It's difficult keeping up with the current issue/debate in the world. As a person and a citizen, I tend to have an opinion early on. However, as a pastor, I desire to listen, to understand, to have a conversation, and to help move others (and often myself) to a Biblical understanding of the current issue.
Here's the problem...
For the past couple of years, there has been a phenomenon that I'm calling Thing of the Week (trademark pending). The Thing of the Week is the current national or global debate that has dominated news cycles, filled Facebook feeds, and topped the trending hashtags on Twitter. The Thing of the Week is what the majority of people are currently talking about. We've always had a Thing that everybody is talking about. However, it seems that there is less and less time to focus on a topic, and to engage in real discussion regarding that topic. Societally, we seem not to be able to focus on a topic longer than a week. Hence, a debate or discussion becomes the Thing of the Week. A week goes by, and we're on to another topic.
Some of these topics bleed over from week to week, but there seems to be about a week where everybody is discussing one particular item.
Last week, everybody was talking about gun control. Before that, it was the Trump administration's response to the three recent hurricanes; specifically, Puerto Rico. There was the week or so that we were discussing the NFL and racial tension. Before that it was the third attempt at repealing the Affordable Care Act. The DACA debate was the week prior. Before DACA was Confederate statues. The white supremacist rally and Trump's response happened the week before.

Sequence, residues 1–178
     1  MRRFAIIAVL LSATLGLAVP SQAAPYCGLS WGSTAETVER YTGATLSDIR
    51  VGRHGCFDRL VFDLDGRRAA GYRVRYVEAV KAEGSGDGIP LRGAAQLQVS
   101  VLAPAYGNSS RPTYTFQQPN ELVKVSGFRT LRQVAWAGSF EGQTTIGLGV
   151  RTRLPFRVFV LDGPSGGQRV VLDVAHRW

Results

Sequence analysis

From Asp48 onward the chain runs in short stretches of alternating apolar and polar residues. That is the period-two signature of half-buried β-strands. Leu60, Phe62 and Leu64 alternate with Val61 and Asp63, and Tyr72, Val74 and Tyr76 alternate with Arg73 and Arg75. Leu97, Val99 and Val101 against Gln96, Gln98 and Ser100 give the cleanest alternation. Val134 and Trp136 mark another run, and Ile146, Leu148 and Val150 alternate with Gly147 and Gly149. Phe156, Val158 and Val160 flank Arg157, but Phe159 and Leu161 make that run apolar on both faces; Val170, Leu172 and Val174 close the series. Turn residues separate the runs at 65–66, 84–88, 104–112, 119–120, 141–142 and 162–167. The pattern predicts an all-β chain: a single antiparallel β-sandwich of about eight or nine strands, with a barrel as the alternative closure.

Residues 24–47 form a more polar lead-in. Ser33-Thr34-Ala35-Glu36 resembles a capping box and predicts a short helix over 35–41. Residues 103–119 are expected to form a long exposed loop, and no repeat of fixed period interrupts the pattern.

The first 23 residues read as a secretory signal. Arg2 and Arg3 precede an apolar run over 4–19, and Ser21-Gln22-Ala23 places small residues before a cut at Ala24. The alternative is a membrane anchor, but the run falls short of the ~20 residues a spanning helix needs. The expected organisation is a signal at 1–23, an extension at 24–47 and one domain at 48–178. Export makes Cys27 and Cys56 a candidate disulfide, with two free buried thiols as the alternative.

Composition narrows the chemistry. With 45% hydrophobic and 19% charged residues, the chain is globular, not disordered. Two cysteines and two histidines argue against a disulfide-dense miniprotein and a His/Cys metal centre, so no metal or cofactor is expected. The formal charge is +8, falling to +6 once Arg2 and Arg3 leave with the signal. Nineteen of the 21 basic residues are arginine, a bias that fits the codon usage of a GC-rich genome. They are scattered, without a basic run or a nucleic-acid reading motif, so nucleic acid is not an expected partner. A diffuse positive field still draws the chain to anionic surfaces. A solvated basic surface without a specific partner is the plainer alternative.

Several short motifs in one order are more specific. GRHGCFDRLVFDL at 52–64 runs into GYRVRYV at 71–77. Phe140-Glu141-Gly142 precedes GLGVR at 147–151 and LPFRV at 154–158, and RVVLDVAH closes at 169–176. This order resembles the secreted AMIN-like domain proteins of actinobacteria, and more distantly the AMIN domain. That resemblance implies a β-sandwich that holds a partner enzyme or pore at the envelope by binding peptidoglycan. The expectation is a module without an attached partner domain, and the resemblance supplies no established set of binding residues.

And we're only back to mid-August.
That was exhausting, and it's only two months worth of material. So yes, part of the reason for the Thing of the Week phenomenon has to be the sheer amount of talked-about stories in the news. Part of this probably results from the 24-hour news cycle and the fact that if something happens in the world, everyone everywhere finds out about it simultaneously. This allows for every person to vent their immediate opinion. Once everyone has done so, we move on. Another bombshell news report; a new Thing of the Week.
Another possibility for the spread of Thing of the Weekism into the modern world may be our unwillingness to hear another's perspective. A couple of days ago, I attended a ministry conference in Seattle. One of the later sessions found twelve people (pre-selected) sitting in a circle in the middle of the room, with the rest of us silently looking on from the outside. The twelve people were of different backgrounds and beliefs racially, politically, religiously, etc.
Jim Henderson, the emcee for the conference, began by asking the twelve people in the center circle, "Are you happy with the Trump administration or with how Donald Trump is doing as president? Or are you terrified with how the current administration is leading, and how Donald Trump is doing as president? What makes you feel either way?"
You could have heard a pin drop.
I knew there was going to be some interesting and potentially divisive conversation during this session, but a part of me was thinking, "Are we really doing this?"
Jim Henderson has done a lot of work in ordinary evangelism and bridge building over the past couple of decades. He has been training people to work on three practices of 'otherlyness': 1. Be unusually interested in others, 2. Stay in the room with difference, and 3. Refuse to compare my best with your worst.